The amount of electricity used to charge the EV can be measured in the wallboxes and charging stations. Choose the energy meter that suits your application. There is a simple digital meter used in the private sector. An MID-compliant meter is useful for billing between employee and employer in the private and semi-public sectors. The ME meter (metering and calibration law-compliant meter) is required for billing accurate to the kilowatt hour, e.g. in the public sector.

Access control

If the e-charging station is to be restricted to certain users, then there are a number of control measures. The simplest is an integrated key switch that allows users to turn the wallbox on and off with a key. With some wallboxes, this key switch can also be used to set additional functions, such as fast charging or eco mode. Another option is to control access via an RFID system. Here, each user is given a card with which they can activate the charging station or wallbox. The advantage of this card over a key switch is that more people can use the wallbox and it is possible to track who has used how much electricity.

PV surplus charging

Some wallboxes and charging stations are controlled by an energy management system and charge using the solar energy produced by their own PV system. Any surplus energy not consumed by household loads is then used to charge the electric vehicle.

Open Charge Point Protocol (OCPP) communication protocol

The OCPP enables communication between the charging station and a central management or back-end system. This communication is the basis for calibration complaint billing, as the data is securely sent to the back-end system. The OCPP is independent of system suppliers and can therefore be integrated easily and universally.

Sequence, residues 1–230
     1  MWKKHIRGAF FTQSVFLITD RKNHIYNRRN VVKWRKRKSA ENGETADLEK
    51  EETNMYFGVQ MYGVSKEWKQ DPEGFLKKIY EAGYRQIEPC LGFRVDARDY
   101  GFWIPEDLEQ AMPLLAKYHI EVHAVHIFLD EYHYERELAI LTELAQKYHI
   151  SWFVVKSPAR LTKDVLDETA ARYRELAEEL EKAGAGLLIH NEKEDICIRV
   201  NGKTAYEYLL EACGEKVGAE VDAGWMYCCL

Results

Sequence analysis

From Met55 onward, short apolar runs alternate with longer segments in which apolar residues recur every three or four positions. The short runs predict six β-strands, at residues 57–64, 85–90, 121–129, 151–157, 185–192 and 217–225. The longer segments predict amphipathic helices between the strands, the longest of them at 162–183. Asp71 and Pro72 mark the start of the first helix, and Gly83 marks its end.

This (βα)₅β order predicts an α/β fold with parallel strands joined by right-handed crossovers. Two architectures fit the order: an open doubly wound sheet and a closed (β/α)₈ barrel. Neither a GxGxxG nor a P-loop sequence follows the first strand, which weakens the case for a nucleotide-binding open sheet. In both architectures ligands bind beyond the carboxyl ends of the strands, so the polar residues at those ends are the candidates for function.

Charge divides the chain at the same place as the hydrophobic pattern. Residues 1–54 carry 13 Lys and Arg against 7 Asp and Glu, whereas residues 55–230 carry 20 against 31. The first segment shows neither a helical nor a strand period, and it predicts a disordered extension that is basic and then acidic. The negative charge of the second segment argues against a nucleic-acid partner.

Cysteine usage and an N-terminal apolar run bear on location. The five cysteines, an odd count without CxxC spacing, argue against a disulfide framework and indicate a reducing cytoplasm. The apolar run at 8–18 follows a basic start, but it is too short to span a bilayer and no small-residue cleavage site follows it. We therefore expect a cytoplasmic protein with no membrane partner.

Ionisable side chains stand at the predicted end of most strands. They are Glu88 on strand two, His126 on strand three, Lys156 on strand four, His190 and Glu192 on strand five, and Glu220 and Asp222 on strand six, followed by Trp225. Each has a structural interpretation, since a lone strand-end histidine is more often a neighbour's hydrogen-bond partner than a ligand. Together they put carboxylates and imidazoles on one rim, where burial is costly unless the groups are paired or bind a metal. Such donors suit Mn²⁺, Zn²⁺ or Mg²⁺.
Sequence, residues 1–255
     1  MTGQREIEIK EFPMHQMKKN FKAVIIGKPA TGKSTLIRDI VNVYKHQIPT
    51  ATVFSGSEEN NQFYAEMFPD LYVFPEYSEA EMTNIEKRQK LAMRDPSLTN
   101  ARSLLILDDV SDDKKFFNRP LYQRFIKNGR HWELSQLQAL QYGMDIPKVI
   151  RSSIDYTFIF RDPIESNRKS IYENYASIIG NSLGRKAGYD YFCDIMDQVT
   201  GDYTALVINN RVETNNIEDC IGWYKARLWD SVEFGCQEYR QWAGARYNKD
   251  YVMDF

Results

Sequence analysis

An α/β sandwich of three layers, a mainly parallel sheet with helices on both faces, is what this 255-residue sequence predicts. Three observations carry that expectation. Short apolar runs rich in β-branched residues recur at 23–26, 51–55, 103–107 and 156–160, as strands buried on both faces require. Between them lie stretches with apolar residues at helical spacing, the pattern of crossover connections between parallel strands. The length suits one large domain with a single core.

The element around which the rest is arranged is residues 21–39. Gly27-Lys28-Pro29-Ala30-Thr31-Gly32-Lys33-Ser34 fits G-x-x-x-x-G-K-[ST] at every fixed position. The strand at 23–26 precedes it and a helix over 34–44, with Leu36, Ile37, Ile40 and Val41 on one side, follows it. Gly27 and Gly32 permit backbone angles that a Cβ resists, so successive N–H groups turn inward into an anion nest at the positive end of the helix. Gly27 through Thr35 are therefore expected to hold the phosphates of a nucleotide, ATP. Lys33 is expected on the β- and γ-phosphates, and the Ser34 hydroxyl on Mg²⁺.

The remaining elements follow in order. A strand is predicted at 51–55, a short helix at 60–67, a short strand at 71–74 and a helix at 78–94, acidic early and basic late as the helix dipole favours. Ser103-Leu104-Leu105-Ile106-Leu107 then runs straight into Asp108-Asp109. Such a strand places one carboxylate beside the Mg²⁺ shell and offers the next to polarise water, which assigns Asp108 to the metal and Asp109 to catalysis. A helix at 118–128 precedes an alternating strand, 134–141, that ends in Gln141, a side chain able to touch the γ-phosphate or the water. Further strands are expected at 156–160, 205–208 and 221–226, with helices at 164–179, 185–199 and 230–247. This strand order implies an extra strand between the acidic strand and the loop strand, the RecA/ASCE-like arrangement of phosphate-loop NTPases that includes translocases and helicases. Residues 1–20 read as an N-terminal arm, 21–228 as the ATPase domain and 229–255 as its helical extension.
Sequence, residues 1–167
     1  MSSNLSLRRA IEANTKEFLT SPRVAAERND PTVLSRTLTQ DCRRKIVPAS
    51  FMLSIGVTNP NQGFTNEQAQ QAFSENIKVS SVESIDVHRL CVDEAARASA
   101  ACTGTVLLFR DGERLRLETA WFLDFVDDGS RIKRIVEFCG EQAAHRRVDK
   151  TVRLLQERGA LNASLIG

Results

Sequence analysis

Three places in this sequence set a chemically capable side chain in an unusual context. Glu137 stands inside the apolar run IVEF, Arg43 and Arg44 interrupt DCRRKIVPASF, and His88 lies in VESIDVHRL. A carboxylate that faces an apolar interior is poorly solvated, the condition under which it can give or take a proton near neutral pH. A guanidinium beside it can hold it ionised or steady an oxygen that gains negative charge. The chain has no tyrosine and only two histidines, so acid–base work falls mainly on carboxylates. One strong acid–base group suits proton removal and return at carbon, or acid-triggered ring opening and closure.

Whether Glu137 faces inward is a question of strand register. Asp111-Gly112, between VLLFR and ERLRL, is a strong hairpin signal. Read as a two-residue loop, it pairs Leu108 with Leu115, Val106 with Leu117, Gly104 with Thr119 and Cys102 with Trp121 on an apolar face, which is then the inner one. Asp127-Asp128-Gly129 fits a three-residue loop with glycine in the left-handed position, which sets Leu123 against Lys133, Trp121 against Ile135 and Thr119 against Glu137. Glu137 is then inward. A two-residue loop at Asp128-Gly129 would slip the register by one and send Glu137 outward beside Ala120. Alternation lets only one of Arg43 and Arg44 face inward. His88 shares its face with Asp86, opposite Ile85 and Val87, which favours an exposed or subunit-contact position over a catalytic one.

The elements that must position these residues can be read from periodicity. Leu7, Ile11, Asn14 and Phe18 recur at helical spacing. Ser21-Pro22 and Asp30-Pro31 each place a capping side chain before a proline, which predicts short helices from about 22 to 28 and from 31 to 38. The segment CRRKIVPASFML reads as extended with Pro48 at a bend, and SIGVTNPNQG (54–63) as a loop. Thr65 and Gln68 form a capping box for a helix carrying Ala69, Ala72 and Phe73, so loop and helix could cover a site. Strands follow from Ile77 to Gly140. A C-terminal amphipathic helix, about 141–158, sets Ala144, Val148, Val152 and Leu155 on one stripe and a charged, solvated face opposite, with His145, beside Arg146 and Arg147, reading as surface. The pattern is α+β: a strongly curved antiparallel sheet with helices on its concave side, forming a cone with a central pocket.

Hub/satellite or master/slave networking

Some manufacturers offer hub/satellite or master/slave networking of the wallboxes. In most cases, a master or hub wallbox is sufficient to control other wallboxes, known as satellite or slave wallboxes. The advantage of this is that you only have to buy one 'expensive' wallbox and can still use its functions for the other wallboxes. One intelligent charging station (master/hub) has the gateway to the backend and all other charging stations (satellite/slaves) are connected to the master charging station. The number of wallboxes you can connect depends on the manufacturer.

Important for wallboxes:

  • Obligation to register with the grid operator: All wallboxes
  • Approval from the grid operator: Wallboxes with maximum charging power > 12 kV